But I don’t think that the “economic efficiency” of cash benefits proves the case that cash is a better thing to pay welfare beneficiaries. Indeed it’s precisely because £x in specific benefits is worth less to claimants than £x in cash that paying cash benefits digs a deeper poverty trap than specific benefits. If you spend £x on specific benefits that you conclude will satisfy the beneficiary’s needs, it will provide the claimant with, say, 100 utils. A nasty low paid job may provide the claimant with cash worth 150 utils (at the cost of having to do a week’s actual work.) But if you provide the claimant with £x cash benefits that will provide,say, 120 utils (the flexibility of cash adding 20 utils.) The claimant’s incentive to take the job is reduced by the flexibillty utils.

    Flexibility is valuable. Consequently it’s doubtful that providing cash welfare benefits is good policy (in cases where the welfare is a disincentive to take a job – sometimes welfare is provided to those who are incapable of working at all.)

  • Mr Ed

    Longrider,

    So you are jumping to conclusions in assuming that they are gaming the system.

    No I am not, you have jumped to a conclusion that I have jumped to a conclusion. I have simply posited a question as to whether or not Uber drivers (or perhaps I should say some of them) might be gaming the system, which from their own point of view is quite rational behaviour, and it might be that working full-time as an Uber is not economic not only because of benefits, but also that they might be picking peak times for optimal utilisation and revenue generation. My complaint is that there is not enough information of the context in which they operate for the ASI to be making a piece about it.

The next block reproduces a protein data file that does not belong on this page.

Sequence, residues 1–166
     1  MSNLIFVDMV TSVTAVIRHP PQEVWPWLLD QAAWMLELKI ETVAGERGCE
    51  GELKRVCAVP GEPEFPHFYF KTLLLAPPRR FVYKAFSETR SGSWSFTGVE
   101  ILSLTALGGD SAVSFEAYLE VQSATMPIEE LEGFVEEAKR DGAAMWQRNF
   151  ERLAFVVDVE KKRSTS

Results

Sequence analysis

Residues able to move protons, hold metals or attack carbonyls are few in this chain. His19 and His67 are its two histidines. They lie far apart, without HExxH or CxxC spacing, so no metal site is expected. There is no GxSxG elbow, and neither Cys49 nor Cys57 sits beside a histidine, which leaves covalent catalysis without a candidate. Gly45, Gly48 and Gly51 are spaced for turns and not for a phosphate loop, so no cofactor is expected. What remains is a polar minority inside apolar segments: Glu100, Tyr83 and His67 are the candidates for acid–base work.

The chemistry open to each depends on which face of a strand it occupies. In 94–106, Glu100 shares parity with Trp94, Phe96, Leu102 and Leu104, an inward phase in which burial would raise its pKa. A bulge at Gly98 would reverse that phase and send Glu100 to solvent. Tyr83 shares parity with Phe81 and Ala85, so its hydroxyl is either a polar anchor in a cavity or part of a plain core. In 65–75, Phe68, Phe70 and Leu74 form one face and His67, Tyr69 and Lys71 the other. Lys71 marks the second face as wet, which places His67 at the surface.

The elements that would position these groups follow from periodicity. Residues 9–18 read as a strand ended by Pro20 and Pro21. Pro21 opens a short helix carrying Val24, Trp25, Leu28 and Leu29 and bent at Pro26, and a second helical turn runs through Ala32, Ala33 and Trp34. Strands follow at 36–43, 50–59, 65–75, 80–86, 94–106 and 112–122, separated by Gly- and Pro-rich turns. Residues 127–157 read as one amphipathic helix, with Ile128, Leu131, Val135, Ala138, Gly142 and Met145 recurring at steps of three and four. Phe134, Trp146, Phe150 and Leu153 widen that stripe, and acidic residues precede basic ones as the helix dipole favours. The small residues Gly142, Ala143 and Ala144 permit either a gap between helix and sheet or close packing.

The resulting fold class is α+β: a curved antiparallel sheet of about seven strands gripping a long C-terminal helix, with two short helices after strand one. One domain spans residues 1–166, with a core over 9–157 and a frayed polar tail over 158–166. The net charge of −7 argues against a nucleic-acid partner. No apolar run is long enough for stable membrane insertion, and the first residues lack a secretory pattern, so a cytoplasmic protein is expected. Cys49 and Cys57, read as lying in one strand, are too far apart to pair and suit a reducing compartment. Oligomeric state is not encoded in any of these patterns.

• Mr Ed (October 12, 2017 at 6:26 am), it would be strange if no Uber driver ever had overlap with the culture of both earning by working and earning by claiming benefits that exists in parts of London (or maybe all of it for all I know). IIRC it was three decades ago I happened to note a school trip to the local market in Walthamstow had to be warned not to let the kids take any pictures, lest they be suspected of being children of department of stealth and social obscurity inspectors, and thus experience a possibly alarming response from people who did not want to be shown their own picture on their next trip to the claim centre.